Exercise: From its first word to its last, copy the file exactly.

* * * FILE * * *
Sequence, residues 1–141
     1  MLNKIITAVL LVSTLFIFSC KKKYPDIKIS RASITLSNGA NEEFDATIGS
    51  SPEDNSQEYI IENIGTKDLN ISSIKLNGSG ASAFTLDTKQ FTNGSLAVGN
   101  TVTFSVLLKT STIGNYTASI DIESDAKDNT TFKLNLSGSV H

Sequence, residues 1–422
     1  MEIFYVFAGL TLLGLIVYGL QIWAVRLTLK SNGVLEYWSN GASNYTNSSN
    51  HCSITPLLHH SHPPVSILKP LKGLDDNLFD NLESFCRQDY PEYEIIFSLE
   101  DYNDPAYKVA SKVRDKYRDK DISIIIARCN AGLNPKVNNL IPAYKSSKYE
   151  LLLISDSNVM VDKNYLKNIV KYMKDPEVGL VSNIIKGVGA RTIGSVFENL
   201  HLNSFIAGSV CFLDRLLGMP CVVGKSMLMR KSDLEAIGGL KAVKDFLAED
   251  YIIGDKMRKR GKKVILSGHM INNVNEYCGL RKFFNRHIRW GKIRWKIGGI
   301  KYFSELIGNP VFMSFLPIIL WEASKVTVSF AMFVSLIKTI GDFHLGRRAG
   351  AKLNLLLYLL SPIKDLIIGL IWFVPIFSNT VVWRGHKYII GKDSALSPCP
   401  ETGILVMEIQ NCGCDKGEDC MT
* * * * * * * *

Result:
Sequence, residues 1–141
     1  MLNKIITAVL LVSTLFIFSC KKKYPDIKIS RASITLSNGA NEEFDATIGS
    51  SPEDNSQEYI IENIGTKDLN ISSIKLNGSG ASAFTLDTKQ FTNGSLAVGN
   101  TVTFSVLLKT STIGNYTASI DIESDAKDNT TFKLNLSGSV H

Sequence, residues 1–422
     1  MEIFYVFAGL TLLGLIVYGL QIWAVRLTLK SNGVLEYWSN GASNYTNSSN
    51  HCSITPLLHH SHPPVSILKP LKGLDDNLFD NLESFCRQDY PEYEIIFSLE
   101  DYNDPAYKVA SKVRDKYRDK DISIIIARCN AGLNPKVNNL IPAYKSSKYE
   151  LLLISDSNVM VDKNYLKNIV KYMKDPEVGL VSNIIKGVGA RTIGSVFENL
   201  HLNSFIAGSV CFLDRLLGMP CVVGKSMLMR KSDLEAIGGL KAVKDFLAED
   251  YIIGDKMRKR GKKVILSGHM INNVNEYCGL RKFFNRHIRW GKIRWKIGGI
   301  KYFSELIGNP VFMSFLPIIL WEASKVTVSF AMFVSLIKTI GDFHLGRRAG
   351  AKLNLLLYLL SPIKDLIIGL IWFVPIFSNT VVWRGHKYII GKDSALSPCP
   401  ETGILVMEIQ NCGCDKGEDC MT